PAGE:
Sunday, 16 January 2011

Online Dating # 2

(Again, data shamelessly ripped from OK

Started with the Question:
Which of these options would you rather be true:
people either think you are beautiful or cute
people either think you are beautiful or ugly
people either think you are cute or unattractive
people either think you are beautiful or unattractive

We voted, with unsurprising results (R asking if he could choose "unattractive to everyone" as an option aside..)

Flashed over to some data from OK Trends:

Nice scatter, posed a couple of questions - and ended up identifying a couple of points with the same attractiveness but wildly different numbers of messages received.

Invented two sets of stats about these two women, and asked kids to give me some possible ratings they could have had to give them an average rating of "7" (for our purposes, the average was the mean):

Started talking about the differences between the two sets of ratings - pleasingly, words like "range" started coming up with only minor prompting.

They decided that by and large, the first girl had a larger range (the boys also decided by and large that they preferred the first girl!)

We then talked about what we could do to examine the "spread" of our data, and I gave them some data that we constructed histograms from (always surprised how difficult our little ones find histograms!)

One of the kids piped up that the first graph didn't make sense, that she should get more messages as basically no-one finds her unattractive.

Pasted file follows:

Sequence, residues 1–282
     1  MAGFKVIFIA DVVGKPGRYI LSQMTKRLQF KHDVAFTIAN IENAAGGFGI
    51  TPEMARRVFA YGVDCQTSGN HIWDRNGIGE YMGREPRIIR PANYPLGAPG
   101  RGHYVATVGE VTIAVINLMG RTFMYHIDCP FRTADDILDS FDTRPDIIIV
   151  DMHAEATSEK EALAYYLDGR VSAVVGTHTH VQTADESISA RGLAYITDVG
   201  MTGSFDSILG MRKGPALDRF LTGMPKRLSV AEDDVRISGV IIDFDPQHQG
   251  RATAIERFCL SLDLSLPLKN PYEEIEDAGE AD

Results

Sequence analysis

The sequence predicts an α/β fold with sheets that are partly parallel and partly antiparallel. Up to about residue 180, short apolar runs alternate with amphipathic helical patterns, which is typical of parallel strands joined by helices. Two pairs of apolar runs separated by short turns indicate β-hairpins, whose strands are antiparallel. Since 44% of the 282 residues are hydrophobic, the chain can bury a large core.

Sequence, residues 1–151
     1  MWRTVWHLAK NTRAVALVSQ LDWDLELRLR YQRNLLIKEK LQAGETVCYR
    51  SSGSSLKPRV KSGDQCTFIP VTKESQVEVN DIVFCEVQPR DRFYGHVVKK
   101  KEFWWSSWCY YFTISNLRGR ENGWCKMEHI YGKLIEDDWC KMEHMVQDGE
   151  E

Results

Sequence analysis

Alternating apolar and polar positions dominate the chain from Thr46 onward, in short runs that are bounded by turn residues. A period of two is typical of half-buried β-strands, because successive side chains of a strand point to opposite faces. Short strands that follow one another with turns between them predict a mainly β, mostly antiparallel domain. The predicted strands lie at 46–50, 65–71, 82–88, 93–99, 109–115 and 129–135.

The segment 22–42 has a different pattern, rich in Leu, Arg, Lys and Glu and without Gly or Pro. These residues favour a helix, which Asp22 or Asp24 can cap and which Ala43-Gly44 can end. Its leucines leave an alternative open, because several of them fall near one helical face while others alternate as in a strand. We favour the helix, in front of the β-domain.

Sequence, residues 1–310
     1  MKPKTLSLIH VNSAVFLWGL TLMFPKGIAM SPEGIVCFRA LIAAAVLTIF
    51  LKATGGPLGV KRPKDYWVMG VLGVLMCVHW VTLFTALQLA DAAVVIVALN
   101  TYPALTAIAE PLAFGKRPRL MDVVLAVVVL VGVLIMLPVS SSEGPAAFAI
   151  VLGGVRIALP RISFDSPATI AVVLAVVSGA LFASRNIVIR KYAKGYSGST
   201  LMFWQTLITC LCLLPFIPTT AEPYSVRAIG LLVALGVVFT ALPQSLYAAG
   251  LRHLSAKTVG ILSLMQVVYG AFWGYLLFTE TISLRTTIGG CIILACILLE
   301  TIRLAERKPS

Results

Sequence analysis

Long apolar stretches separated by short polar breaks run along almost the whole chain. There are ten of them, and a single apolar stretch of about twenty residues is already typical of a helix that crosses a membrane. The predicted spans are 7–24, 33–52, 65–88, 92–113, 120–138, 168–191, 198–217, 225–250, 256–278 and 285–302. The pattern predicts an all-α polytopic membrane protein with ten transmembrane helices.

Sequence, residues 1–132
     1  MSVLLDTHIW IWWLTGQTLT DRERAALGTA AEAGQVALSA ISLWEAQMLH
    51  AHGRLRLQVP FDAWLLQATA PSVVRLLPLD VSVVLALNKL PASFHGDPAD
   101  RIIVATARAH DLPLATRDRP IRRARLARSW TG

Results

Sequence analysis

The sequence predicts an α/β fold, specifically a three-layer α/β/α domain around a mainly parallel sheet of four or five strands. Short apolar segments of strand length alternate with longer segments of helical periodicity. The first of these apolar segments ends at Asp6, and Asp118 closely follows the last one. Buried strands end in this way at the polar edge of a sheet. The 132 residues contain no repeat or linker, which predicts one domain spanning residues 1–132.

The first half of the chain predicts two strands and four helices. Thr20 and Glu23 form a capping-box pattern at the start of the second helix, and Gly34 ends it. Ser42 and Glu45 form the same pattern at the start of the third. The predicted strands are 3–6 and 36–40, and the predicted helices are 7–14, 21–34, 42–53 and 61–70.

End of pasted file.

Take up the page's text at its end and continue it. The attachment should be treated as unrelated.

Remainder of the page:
We agreed, but then again, more people thought the second girl was super hot.

We compared a few other comparable women from the site:

and saw the pattern repeated.

We formed a hypothesis: you're more attractive if men argue about you.

again, from the data set given, the kids this time found the standard deviation of each woman of a similar level of attractiveness (i.e. all rated 7), and compared this to the number of messages received per week (the thick grey line is the average messages per week.
and came to the conclusion that if everyone thinks your hot, you get less messages, if there's disagreement, you get loads.
Hypothesis confirmed!

We didn't really get time to head on to the equation that OK Trends proposed, which explicitly shows that some types of ratings detract from your message possibility, which was a pity (as i say, histograms, damn!) but a good, eye opening lesson drawn (largely) from the real world that had kids arguing, which i generally take as a good sign!

The lesson PPT and Handout can be found at the links.